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Near the bottom of the hill when you enter the park off Alamosa Drive you will find a set of tennis courts.  Near the courts, beside the river, is a pole with life saving equipment on it.  That marks the spot where Philip Phillips built his saw mill in the early 1800’s.  The wood for the mill was rough hewn by hand indicating that it was prepared before the mill went into operation.  After the saw mill was up and running the wood produced displayed the obvious signs of being cut with a blade or wheel.  The houses and barns closest to the mill would have been constructed with wood that had been prepared at the saw mill.  The picture below shows the remains of what is most likely part of the wooden crib for the old mill dam.  The only other place we have seen the wooden crib preserved is at the Barber Dynamo.  One of the mill mapping sites reports that these are actual timers to the saw mill.

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Tree Swallows are highly social birds and can form flocks of thousands around their nesting sites.  They breed in Canada and the United States but spend the winter in Mexico, the Carribean and throughout Central America.  Their genus name is tachycineta bicolor which comes from the ancient Greek for “moving quickly” and the bicolor from their two coloured markings.  The males have much brighter blue-green upperparts while the females tend to have duller colours.  The female needs to hide on the nest for two weeks before the eggs hatch and another three before the young ones are ready to leave the nest.  The brighter male likes to be obvious as he dive bombs intruders to protect the nest.

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Following the trail north of Finch Avenue brings you to the intersection of Old Cummer Road and the century-old bridge across the river.  The single-lane bridge was replaced when the surrounding farms were developed for housing.  In 1968 the new portion of Cummer Road (grey on the map above) was opened and this became Old Cummer Road and was closed to through traffic.

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The road north of the closed bridge has been largely overgrown and the former pavement has all but vanished.  Cummer operated a saw mill and a woollen mill on the river near his home but it closed in 1857 and all traces are now lost.

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Crossing under the new Cummer Road bridge, the trail quickly follows a pedestrian bridge to the east side of the Don River.  We chose a small path that led along the west side but after crossing a drainage ditch the trail quickly vanished.  Our intention was to find any evidence of the mill site or dam that was shown on the county atlas.  The mill appears to have been somewhere near the new bridge and no trace exists.  The concrete dam we found on Cooper’s property would have been built here long after the mill had closed and would have replaced a wood crib dam.  The mill pond shown on the map has been drained.  The cover photo shows the dam from the downstream side while the picture below shows the upstream side.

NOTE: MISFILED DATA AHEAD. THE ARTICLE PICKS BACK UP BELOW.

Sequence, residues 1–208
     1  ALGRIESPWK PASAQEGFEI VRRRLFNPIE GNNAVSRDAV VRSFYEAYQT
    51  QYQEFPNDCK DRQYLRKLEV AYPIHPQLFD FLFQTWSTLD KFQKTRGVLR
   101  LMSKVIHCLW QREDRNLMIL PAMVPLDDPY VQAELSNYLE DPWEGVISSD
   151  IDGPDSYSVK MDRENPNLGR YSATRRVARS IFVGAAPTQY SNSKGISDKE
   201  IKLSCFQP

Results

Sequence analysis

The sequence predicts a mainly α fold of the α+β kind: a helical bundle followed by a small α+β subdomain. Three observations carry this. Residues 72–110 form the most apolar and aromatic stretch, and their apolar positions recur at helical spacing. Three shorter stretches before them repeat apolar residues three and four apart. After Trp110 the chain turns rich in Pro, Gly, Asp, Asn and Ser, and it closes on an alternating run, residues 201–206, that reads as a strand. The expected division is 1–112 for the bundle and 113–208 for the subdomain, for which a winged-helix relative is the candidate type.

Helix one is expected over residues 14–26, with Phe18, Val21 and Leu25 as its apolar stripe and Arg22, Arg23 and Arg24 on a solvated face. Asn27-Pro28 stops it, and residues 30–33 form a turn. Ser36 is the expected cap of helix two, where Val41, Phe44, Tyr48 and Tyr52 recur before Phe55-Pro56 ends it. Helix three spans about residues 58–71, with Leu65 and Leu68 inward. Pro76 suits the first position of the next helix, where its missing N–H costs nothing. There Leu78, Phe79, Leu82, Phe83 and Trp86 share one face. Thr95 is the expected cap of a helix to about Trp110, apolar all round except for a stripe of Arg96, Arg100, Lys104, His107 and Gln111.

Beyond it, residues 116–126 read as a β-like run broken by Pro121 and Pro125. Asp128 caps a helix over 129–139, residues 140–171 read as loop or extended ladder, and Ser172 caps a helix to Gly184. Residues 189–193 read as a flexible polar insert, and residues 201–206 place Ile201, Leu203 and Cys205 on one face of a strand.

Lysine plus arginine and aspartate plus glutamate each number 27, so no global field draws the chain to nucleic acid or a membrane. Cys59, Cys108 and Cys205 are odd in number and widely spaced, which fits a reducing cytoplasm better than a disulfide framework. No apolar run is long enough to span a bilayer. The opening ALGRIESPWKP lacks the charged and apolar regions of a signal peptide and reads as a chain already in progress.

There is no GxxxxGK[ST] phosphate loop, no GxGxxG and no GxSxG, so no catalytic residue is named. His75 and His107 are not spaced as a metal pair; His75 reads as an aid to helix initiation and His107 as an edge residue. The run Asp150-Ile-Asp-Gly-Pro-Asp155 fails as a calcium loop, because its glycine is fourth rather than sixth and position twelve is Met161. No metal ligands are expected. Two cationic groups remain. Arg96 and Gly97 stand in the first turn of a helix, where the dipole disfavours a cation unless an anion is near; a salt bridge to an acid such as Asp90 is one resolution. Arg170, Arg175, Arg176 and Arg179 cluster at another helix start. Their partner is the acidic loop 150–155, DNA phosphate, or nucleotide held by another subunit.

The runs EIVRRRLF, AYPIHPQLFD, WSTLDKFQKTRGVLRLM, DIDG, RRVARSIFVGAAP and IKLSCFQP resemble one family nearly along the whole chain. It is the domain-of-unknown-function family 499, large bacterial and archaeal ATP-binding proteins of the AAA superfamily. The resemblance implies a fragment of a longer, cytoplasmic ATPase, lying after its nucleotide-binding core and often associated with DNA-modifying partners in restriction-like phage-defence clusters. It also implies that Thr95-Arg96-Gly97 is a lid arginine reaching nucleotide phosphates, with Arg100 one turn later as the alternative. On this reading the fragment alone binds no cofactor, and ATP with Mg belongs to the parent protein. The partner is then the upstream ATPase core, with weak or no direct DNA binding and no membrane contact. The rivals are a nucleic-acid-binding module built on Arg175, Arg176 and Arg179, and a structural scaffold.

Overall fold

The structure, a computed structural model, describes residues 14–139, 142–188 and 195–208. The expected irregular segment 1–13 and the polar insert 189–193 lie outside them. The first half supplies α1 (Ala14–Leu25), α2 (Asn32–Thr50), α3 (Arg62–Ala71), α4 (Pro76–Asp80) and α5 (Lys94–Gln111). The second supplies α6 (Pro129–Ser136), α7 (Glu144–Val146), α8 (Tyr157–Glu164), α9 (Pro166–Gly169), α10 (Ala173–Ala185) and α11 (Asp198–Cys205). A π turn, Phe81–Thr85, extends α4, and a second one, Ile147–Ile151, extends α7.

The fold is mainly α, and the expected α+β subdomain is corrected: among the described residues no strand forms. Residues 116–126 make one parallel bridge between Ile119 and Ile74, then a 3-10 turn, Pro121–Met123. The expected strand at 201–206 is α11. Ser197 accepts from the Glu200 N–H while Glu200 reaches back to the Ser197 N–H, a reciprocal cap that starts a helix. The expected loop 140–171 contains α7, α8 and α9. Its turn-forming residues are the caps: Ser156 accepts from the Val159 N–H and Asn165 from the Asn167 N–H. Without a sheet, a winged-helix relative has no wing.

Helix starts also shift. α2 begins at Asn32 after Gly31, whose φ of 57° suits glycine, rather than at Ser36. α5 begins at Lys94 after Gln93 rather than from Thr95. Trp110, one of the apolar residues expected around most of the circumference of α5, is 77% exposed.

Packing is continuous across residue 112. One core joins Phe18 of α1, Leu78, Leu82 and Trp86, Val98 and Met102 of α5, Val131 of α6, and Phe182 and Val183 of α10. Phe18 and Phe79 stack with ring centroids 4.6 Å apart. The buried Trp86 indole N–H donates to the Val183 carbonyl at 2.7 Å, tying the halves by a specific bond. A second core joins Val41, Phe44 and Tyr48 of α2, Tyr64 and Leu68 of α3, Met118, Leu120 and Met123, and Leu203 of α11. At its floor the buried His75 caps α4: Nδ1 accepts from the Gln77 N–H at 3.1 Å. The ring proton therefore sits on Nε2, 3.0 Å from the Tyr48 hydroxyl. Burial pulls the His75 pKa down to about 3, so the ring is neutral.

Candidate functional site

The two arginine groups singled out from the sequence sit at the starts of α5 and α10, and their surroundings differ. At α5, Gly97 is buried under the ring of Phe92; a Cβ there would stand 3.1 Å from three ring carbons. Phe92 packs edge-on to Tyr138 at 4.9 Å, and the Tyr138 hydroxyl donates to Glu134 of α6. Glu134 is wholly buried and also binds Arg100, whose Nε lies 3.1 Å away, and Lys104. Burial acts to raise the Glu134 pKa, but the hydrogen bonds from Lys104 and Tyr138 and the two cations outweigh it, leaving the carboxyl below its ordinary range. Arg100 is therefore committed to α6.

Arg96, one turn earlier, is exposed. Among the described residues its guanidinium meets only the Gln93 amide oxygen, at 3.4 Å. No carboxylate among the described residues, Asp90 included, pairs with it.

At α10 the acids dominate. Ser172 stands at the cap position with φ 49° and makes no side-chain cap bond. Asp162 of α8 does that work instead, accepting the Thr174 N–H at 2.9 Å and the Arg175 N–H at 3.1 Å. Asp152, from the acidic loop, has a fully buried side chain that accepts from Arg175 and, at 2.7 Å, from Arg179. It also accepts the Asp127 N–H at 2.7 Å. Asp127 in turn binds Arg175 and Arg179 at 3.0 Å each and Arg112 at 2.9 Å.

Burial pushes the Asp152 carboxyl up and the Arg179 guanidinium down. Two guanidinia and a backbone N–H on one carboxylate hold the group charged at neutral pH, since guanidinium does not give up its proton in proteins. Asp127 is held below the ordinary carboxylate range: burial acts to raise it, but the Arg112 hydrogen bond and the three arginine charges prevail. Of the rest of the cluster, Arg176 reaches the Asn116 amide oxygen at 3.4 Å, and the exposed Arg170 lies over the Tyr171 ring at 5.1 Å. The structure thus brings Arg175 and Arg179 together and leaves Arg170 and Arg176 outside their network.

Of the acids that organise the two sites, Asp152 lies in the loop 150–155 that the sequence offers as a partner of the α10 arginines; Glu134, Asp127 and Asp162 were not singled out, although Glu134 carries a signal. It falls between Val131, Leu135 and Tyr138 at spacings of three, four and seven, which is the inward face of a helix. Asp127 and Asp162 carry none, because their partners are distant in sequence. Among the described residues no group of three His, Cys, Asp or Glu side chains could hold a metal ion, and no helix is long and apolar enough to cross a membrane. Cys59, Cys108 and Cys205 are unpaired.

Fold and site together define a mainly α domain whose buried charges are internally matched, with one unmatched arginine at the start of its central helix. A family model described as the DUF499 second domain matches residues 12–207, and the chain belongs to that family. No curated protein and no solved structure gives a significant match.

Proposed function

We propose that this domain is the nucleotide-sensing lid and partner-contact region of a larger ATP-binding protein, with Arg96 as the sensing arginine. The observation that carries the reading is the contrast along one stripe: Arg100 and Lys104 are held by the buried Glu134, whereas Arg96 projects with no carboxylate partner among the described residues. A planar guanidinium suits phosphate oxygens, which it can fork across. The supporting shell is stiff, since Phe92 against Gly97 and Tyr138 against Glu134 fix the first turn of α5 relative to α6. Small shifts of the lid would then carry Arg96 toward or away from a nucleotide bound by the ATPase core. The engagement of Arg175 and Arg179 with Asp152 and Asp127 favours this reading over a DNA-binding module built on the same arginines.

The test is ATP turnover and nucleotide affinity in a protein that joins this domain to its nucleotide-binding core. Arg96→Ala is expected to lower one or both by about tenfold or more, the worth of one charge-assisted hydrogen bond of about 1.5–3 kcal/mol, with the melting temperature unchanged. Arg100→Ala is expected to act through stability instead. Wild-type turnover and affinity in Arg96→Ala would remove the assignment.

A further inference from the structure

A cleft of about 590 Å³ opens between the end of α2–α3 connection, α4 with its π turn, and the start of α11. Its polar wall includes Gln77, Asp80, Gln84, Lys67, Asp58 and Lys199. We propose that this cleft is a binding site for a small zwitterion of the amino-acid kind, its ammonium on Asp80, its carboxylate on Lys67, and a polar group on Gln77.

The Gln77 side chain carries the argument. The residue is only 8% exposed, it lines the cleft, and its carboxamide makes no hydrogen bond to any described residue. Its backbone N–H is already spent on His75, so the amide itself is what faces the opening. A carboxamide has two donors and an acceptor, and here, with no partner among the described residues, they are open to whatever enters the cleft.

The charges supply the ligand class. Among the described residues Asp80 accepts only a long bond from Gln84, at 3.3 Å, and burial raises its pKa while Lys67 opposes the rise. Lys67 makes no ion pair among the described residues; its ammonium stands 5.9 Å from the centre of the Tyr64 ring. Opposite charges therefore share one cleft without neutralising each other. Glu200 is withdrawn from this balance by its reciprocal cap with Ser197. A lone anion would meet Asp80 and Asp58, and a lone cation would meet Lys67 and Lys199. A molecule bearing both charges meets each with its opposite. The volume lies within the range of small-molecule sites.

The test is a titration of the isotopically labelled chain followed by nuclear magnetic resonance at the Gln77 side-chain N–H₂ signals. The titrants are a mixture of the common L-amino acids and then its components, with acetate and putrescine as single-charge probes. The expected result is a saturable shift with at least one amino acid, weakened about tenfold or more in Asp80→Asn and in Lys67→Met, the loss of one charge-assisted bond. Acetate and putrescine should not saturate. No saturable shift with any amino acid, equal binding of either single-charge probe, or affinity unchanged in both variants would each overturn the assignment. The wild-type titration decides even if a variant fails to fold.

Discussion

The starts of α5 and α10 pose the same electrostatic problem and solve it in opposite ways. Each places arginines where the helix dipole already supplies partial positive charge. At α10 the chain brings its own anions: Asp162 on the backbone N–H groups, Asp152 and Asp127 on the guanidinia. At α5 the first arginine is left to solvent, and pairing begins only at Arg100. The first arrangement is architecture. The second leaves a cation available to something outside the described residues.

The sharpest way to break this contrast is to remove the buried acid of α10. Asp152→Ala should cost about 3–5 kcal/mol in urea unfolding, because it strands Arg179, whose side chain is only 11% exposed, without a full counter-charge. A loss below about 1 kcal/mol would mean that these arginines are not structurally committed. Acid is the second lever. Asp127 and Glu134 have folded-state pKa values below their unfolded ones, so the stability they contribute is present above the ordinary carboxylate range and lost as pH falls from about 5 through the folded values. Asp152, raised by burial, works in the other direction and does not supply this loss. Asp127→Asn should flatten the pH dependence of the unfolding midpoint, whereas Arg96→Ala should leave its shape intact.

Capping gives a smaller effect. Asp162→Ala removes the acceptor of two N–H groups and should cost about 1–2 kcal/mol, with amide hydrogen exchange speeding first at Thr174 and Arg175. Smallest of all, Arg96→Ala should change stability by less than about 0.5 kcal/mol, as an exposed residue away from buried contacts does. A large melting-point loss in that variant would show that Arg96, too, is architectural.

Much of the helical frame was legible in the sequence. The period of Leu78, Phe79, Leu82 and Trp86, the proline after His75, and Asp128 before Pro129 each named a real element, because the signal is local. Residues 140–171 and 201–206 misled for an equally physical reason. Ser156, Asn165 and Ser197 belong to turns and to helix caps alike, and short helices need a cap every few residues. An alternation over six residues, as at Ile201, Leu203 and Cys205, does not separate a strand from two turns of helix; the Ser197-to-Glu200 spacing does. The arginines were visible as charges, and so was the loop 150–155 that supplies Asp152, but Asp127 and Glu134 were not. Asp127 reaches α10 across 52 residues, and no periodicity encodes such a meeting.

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This dam looks more like an electrical generating dam than one used to store water for mill operations.  A large building stood  near the end of the dam but all traces of it have vanished today.  What remains is an old utility pole that has a large transformer attached to the top along with several old light sockets.  A second electrical pole is leaning into the trees a little farther upstream.

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Returning to the main trail, we crossed the Don River and went up the east side to explore the dam from that vantage point.  Near this place, German Mills Creek empties into The Don.  German Mills Creek flows for about 10 kilometres as a left tributary of the East Don River.  It gets its name from the community of German settlers who, in 1796, became the first pioneers in Markham Township.  The settlement of German Mills fell apart after only a few years but the name has been preserved via this creek.  The bridge across the creek has been here for a long time and formerly provided access to the mills and other establishments in the valley.  Today this little bridge supports the traffic along the hiking trail that follows the former roadway.

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The picture below shows German Mills Creek and the confluence with the East Don River as seen from the old bridge over the creek.

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The Don River is interwoven with the early history of Toronto and York County and there will always be more to explore another day.

Google Maps Link: Flynntown